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This edited article about the shipwright originally appeared in Look and Learn issue number 1019 published on 19 September 1981.
Wooden ships were once England’s pride; indeed they were the foundation upon which the British Empire was built. The men who built such vessels have always been admired craftsmen. The shipwrights of London were recognised as a “Brotherhood” as far back as AD 1260. The same has been true of many countries with coasts or great rivers.
Those who built the Greek galleys of Homer’s time were certainly an Èlite. So were the craftsmen who made the deep-sea dhows of the kind that carried Sinbad and his mythical companions from the Middle East to the fabulous lands of China.
Although today’s maritime trade is carried on by gigantic steel container-ships and tankers, the shipwright’s and boat-builder’s traditional skills have not been lost. In many countries they are being revived, usually for pleasure craft but sometimes also in the interests of historical research.
One famous marine archaeologist, Tim Severin, built a large coracle or curragh of wood and leather as a replica of an Irish ship of the Dark Ages in which St. Brendan may, or may not, have discovered America. Severin then sailed it across the Atlantic himself.
Now he has built a replica of a 9th-century Arab dhow with a stitched hull which has sailed in the wake of Sinbad the Sailor from Oman to China. Old craftsmen and their ancient skills had to be brought from many lands to build both these ships.
The sort of techniques you can see in traditional wooden boatyards all around the world might not be as ancient as those that built the leather curragh or the stitched dhow, but they still go back a century or so. Oak, larch and mahogany are the woods most commonly used in England; oak for the keel, larch and mahogany for planking, stringers, benches and so on. The best wooden masts are normally made of Douglas fir.
In Greek and Roman times, the planks of ships’ hulls were assembled first, with their inner frame of timbers being added afterwards. This made a wonderfully strong boat, but it was heavy. It was also a slow process. Nevertheless, the “planks-first” system can still be seen in the construction of many small craft, particularly for ships’ lifeboats, which have to be really strong.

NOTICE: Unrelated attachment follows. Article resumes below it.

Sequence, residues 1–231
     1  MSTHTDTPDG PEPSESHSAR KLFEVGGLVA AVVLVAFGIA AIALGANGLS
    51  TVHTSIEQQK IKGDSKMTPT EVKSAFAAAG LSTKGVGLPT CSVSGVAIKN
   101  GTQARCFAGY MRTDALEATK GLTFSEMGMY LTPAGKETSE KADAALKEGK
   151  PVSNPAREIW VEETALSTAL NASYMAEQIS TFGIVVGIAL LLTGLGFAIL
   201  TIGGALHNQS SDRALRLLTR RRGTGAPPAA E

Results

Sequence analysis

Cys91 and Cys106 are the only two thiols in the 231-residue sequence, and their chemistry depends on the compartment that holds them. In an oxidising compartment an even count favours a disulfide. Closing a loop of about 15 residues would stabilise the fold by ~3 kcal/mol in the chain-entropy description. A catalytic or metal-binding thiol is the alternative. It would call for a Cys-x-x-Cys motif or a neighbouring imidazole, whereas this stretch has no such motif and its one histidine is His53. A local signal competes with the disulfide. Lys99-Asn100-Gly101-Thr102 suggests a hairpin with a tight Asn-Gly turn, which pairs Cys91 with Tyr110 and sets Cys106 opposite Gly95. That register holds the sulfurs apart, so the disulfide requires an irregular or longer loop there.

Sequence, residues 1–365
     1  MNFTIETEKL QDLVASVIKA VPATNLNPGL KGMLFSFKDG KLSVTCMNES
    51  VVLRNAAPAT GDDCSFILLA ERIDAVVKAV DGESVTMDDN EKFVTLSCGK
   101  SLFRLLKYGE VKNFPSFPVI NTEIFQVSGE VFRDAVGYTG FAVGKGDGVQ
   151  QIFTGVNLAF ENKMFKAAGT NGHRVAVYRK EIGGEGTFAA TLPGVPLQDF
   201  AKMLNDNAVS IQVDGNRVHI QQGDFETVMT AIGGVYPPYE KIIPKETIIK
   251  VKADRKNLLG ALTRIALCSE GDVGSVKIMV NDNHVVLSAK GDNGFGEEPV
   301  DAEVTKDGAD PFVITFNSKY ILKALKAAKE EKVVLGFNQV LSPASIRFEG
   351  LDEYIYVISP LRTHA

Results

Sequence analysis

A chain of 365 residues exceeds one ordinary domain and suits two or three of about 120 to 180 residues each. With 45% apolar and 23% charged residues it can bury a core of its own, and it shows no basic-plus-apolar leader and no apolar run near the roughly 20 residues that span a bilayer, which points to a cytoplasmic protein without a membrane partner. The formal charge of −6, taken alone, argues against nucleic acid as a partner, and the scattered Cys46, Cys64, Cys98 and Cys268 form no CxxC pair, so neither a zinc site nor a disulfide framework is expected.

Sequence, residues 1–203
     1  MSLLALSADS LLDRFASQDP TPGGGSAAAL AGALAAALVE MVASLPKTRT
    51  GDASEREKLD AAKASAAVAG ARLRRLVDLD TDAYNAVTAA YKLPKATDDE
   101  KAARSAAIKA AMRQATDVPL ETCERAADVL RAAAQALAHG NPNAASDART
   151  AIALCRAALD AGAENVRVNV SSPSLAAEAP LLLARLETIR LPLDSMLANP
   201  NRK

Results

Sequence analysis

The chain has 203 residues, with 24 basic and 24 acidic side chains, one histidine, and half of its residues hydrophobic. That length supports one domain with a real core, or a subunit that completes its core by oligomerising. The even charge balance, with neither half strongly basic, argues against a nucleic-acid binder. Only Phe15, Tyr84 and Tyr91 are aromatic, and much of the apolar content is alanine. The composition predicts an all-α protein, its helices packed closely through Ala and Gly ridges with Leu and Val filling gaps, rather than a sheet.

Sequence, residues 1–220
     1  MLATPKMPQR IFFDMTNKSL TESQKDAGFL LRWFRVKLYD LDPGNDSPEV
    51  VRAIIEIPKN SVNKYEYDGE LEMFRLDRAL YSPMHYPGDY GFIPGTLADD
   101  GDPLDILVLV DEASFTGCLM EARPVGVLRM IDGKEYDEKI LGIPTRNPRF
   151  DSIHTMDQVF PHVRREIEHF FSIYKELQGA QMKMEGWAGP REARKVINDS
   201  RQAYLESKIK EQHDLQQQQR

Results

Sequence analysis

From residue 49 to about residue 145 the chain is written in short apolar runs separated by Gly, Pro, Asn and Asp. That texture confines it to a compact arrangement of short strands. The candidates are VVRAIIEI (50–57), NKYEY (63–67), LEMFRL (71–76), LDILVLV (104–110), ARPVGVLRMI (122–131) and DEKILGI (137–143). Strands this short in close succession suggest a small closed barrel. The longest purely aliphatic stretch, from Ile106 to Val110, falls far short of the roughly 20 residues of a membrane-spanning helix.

A “frame-first” technique was developed in the so-called Dark Ages (5th to 12th centuries), probably in Moslem countries of the eastern Mediterranean, which were desperately short of wood. Here the frame or skeleton of a hull was constructed before its much thinner planking was added. This system was quicker, cheaper and used far less wood. Most large wooden ships are still built this way.
Whichever system is being used, the master craftsman and his assistants have to make their keel first of all. This, together with its prow and stern-post, is made lying on its side before being placed the right way up in its bay. If, for example, a planks-first lifeboat is to be built, a temporary framework of mouldings is next nailed to the keel. These give the boat its shape as the planks are being built up from the keel, inside the mouldings.
A ship’s hull has a much more complicated and subtle shape than might at first appear, with many twists and bends in its planking. This is one reason why planks have to be steamed to make them flexible. Various methods are used, one of the most common being “cooking” in a huge steaming box like an oven in which the planks, as well as other pieces of wood, are cooked for quite a long time.
Each plank is nailed or riveted to the ones above and below it, and only when all are in place can the timbers, the interior ribs or skeleton, be added. Of course, these often have to be steamed as well so that they can be gently bent into the correct shape.
Making a frame-first hull might seem simpler, but it takes just as much skill. To some extent a planks-first hull will adopt its own smoothly curved lines because of the springiness of the steamed planks. But with a frame-first hull, the shipwright has to get it right the first time, for his eye alone decides on the ship’s lines.
One traditional boat that really does adopt its own shape is the coracle, which is still to be seen on the rivers of Wales. It has no keel, but is like an open-work basket of split willow wands drawn up and held together at the gunwales by a surrounding band of interwoven willow or hazel rods.
A bench-like seat also pulls two sides of the coracle together, giving it a boat-like shape. In ancient times these coracles were covered with leather, but today they have a calico cotton covering, waterproofed with pitch. Slightly different forms of coracle are to be found on different Welsh rivers, but their construction is essentially similar.
All over the world, traditional boats are still being built. Despite new inventions like plastic, glass-fibre and even concrete hulls, the ancient craft of the shipwright and the boat-builder is, in fact, flourishing.